3. Start looking for a local 10k or Half arathon being run in the Fall. Disney is a crowded race, and one of the easiest ways to make it a little more comfortable is to get placed in a start corral that’s closer to the front. Since Disney no longer changes corrals at the Expo, you’ll need to submit a qualifying time before October 10th, 2014 for either the Walt Disney World or Disneyland January races. For a Half Marathon, the proof of time needs to be from a 10k or longer race. For the Full Marathon, the proof of time needs to be from a 10 mile (not kilometer) race or longer. In general, I’ve found that you want to find the shortest distance possible to qualify for proof of time. Both RunningintheUSA.com and active.com are great sites to search for races that are near you to use for your qualifying times. This last bit of advice may seem obvious, but check where you’ll be with your training plan to make sure that you’ll be trained appropriately for the distance of the qualifying race you want to sign up for.

4. Start planning your stay at Disney. The best part of a Disney race is that it’s at Disney. Of course if you’ve been to Walt Disney World recently, one of the things that you may have realized is that it’s becoming increasingly difficult to just show up for a vacation at WDW. If you want to get a great post race celebration meal (‘OHANA! ‘OHANA!, ‘OHANA!) you’ll need to book that at 180 days out. You may also want to start thinking about rooms. A Disney Travel Agent can help you get the right room for your trip, and most will make adjustments for you as discounts come out. This is particularly important with January races, because 2015 rates for Walt Disney World and Disneyland have not been released yet. Generally speaking, you can find discount deals that are as good or better than the runDisney packages, but they cannot be booked yet. Working with a travel agent means being able to provide the agent with your preferences and letting that agent take care of waiting attentively for the minute those January rates and discounts are released to get you booked. They’ll probably even do the dirty work to make those meal reservations for you too. For Walt Disney World, as you get closer to race time you’ll also want to make sure to book your FP+ reservations. If you’ve just run a Marathon, you don’t want to spend an hour and a half in line for the new Seven Dwarves Mine Train coaster if you can help it.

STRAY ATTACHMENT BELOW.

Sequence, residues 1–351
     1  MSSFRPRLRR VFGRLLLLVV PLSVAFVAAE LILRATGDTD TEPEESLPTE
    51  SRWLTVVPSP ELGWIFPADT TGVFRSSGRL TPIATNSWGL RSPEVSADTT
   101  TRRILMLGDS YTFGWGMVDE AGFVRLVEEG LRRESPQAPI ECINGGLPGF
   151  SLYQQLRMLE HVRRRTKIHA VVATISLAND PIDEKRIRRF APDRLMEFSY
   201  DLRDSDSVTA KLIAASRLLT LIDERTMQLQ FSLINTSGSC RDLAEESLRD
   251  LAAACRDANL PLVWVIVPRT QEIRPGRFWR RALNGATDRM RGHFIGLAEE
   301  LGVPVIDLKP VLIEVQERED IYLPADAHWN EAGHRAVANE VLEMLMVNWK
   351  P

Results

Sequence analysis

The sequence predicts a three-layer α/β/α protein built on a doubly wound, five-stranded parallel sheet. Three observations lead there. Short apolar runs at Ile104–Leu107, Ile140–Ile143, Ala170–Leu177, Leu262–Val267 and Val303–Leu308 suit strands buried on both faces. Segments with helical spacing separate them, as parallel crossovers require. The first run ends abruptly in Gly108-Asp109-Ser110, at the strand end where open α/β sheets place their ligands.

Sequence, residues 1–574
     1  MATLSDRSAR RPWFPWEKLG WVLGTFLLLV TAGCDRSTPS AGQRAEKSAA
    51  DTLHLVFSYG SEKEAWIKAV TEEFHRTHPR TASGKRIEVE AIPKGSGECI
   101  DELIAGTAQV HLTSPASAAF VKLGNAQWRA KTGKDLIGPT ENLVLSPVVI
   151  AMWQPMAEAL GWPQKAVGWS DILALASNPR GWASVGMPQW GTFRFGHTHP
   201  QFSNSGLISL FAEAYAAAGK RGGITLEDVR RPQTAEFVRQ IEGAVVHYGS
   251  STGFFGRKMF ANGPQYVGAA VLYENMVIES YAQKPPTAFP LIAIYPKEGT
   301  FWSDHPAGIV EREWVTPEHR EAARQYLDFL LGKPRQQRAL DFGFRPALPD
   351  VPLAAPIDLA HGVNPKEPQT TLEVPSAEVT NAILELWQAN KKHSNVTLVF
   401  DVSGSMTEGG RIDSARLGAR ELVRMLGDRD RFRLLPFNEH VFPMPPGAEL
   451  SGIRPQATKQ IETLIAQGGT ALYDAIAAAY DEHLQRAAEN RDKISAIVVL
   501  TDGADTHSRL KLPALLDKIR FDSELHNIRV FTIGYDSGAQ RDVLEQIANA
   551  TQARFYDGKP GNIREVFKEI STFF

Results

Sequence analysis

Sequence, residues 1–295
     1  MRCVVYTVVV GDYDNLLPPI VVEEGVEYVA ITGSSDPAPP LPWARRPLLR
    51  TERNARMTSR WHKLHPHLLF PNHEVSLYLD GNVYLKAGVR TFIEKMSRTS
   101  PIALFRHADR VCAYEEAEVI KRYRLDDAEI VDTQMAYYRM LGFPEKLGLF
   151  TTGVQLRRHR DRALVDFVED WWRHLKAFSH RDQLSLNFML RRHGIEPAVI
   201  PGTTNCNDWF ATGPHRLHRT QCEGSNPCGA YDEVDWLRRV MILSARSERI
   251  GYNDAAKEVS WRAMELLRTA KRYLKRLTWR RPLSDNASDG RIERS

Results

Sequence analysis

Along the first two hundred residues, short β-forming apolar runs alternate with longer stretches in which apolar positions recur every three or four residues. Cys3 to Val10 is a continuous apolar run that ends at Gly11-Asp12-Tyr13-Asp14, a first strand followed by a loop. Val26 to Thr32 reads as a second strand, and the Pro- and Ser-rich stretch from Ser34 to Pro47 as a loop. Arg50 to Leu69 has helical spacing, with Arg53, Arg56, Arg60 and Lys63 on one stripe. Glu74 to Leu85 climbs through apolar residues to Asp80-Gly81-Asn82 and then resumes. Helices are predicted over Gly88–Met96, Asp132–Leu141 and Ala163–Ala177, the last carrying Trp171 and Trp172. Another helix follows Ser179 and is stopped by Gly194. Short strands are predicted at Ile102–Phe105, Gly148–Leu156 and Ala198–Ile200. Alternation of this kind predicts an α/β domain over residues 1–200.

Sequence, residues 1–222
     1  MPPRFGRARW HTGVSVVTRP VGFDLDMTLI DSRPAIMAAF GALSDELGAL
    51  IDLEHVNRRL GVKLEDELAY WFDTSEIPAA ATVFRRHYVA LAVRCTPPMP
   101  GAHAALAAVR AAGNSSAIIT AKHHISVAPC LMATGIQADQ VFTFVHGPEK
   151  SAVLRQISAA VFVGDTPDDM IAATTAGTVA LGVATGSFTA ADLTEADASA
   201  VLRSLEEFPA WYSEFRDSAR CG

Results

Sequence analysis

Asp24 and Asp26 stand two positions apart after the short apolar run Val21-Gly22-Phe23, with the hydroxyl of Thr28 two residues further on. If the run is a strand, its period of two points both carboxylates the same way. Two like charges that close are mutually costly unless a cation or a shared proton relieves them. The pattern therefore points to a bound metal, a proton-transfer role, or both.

Good luck with your training! I’ll be running in Walt Disney World in January – I hope I get the chance to meet you on the course.

[Ed. Note: This is the first in a series of posts that Ryan will be writing for DISDads.com about running Disney endurance races.]